Laura Hanson, Media Lab intern, Boston University SPH 2013
I have a confession to make: I’ve never published a blog in my life!
I’ve edited posts, suggested topics to others, even drafted a few entries for my own website, but I always get hung up on knowing what makes a blog ‘good,’ interesting, readable or easily shared over social media.
So naturally, as my first blog for the Next Mile Project, I thought I would share some tips gathered by scanning several online blogs dedicated to the art of blogging (of which there are many!). I hope this information is useful to you as you write, publish and distribute your own content:
Tips for writing great blog posts:
- Like any other creative process, spend a good amount of time brainstorming a solid topic idea. Will your topic idea be thought provoking, helpful, timely, maybe even entertaining, to readers? Clarify for yourself, what the purpose of your post is: to share a story or update about your program? To provide practical information or resources to others?
- Spend time crafting a great title. It’s hard to do but makes the difference between being ignored and being read and clicked on in a Google search. Think about it, we instinctively click on headlines that promise us some kind of gain or benefit. We recognize information that adds value to our lives or catches our interests – that’s what makes for a ‘magnetic headline.’
- Write a great opening line. Again, most people don’t keep reading unless the first line makes a strong positive impression. Unsettle your reader with a surprising fact, pose a question or tell a personal story to draw them in.
- Use the upside down pyramid structure commonly used by journalists; begin with the concluding statement and then use the body of the blog to provide supporting evidence and information. Make your point or state your argument early on rather than hide it in the body of the post, with the hope that your reader will discover it.
- Online readers are typically lazy and passive. Time is our most valuable commodity and as much as it hurts our feelings, people will give up on reading our posts unless we reward their attention with scannable, easy to read text. Using line breaks and bulleted lists to summarize important facts makes a big difference. Focus on making your writing succinct and profound rather than eloquent and overly descriptive. Click here for more writing tips.
- Change up your formatting to bring attention to certain words, phrases, and statistics. Emphasize headings and subheadings such that readers can be led through the post even if they only scan part of every section.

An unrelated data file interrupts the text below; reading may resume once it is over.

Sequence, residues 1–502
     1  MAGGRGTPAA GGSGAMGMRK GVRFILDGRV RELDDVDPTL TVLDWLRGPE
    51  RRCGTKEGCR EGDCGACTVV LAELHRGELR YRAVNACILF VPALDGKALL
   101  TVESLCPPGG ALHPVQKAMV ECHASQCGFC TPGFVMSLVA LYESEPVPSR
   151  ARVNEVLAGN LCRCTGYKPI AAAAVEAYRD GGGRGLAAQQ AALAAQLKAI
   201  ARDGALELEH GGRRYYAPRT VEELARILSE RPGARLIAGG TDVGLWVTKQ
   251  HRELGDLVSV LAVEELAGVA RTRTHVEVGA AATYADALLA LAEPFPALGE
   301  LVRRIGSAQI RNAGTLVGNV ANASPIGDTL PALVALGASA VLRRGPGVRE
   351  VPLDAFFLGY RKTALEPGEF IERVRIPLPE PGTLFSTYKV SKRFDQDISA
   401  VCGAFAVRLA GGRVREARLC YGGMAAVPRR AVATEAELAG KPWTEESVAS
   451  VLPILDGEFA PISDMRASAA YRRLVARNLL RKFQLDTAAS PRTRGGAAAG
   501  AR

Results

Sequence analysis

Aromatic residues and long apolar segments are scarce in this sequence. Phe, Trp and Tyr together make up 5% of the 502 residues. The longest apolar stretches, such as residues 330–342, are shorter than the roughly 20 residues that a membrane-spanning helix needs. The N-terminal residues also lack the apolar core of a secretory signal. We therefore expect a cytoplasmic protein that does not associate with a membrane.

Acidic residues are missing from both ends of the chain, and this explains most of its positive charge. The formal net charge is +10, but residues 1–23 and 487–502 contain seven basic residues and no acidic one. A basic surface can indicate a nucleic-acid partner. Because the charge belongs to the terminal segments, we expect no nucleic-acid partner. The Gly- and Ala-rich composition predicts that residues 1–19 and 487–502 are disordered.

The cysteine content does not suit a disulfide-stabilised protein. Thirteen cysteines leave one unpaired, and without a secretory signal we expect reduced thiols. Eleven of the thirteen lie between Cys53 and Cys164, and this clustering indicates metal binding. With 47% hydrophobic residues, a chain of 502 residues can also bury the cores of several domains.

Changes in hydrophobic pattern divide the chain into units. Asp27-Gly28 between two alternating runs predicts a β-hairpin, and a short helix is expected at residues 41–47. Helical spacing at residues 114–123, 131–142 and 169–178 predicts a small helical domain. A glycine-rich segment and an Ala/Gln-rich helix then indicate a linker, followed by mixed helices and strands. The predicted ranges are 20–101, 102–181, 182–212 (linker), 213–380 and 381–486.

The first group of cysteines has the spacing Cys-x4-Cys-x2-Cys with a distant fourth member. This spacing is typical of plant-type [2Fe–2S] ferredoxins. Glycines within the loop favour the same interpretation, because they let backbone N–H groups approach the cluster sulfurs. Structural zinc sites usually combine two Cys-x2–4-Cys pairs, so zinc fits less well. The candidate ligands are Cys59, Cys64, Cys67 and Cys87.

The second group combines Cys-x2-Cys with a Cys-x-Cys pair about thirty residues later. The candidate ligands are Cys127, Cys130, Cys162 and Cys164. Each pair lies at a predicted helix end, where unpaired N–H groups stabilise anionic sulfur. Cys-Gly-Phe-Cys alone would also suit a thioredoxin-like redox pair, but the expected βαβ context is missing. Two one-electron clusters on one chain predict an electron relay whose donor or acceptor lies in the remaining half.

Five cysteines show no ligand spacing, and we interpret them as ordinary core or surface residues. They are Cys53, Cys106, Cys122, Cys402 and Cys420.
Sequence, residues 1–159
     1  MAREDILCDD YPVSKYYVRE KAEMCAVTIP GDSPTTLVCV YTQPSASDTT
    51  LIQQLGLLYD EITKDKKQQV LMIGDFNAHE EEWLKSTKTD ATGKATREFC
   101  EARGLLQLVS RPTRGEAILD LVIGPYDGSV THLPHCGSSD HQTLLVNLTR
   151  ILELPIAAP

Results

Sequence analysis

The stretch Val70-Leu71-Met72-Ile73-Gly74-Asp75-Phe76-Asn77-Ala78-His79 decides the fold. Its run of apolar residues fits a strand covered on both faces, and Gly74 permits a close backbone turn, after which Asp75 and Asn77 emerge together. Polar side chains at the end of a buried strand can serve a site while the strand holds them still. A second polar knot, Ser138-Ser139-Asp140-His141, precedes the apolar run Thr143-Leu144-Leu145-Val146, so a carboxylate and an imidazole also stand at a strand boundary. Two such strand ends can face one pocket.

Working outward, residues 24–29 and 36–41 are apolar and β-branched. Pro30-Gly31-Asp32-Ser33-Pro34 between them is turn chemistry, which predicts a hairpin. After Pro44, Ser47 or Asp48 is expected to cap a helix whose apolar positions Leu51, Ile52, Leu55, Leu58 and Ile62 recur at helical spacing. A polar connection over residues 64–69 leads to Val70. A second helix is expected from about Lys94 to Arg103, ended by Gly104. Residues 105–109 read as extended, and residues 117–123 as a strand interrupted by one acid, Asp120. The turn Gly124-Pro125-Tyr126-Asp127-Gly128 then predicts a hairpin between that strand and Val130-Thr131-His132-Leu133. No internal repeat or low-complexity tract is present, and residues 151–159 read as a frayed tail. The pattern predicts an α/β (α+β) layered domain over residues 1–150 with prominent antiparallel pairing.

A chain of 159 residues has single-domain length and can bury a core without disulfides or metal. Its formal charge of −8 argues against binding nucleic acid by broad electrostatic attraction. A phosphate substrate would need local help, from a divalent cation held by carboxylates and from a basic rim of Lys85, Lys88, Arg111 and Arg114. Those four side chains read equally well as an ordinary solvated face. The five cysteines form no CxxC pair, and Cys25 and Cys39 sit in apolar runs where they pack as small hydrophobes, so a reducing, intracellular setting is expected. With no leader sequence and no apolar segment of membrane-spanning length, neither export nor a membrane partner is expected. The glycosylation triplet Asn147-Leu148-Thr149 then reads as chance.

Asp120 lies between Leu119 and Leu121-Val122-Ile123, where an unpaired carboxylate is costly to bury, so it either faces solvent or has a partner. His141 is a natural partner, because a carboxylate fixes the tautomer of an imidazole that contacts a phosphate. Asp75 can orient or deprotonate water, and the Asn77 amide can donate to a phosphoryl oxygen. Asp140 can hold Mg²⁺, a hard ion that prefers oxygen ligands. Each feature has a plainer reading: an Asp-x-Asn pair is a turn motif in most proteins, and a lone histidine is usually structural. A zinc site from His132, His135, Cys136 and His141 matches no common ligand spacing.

- Use pictures and info-graphics with descriptive captions or box quotes that tie in with the content. People are more likely to read photo captions than anything else, so good captions make it more likely that your post will be read too.
- Keep it short, somewhere between 250 and 1000 words. Keep in mind that the average blog reader will stick around for more no more than ~90 seconds. So if your topic complex or covers an ongoing issue, break it up into a short series. This will allow you to give the material the attention it deserves while providing an incentive for readers to return and stay informed.
- Write from the heart. Overthinking your word choice and trying to fit your posts into a template can water down your message. Readers want to learn something new, be challenged to think in a different way, feel connected to you and the people your non-profit serves.
- Find ways to connect with readers; link them to more information about your non-profit or ask them a question and prompt a discussion in the comments section. Comment on their comments and thank them for participating. If the purpose of the post is linked to a larger goal (getting people to follow you on Instagram or to host a run in their hometown) don’t be ambiguous about what you want them to do. Ask them post your video on their Facebook page, share the post with friends and family or register to host a run.
- Keep posts timely. Pick up on current events and issues. Strategically written posts are again, far more likely to be read and shared.
- Be careful to remove all typos, spelling and punctuation errors, polishing the post till it shines. Mistakes give your words less authority and heavily influence whether your post will be read or shared.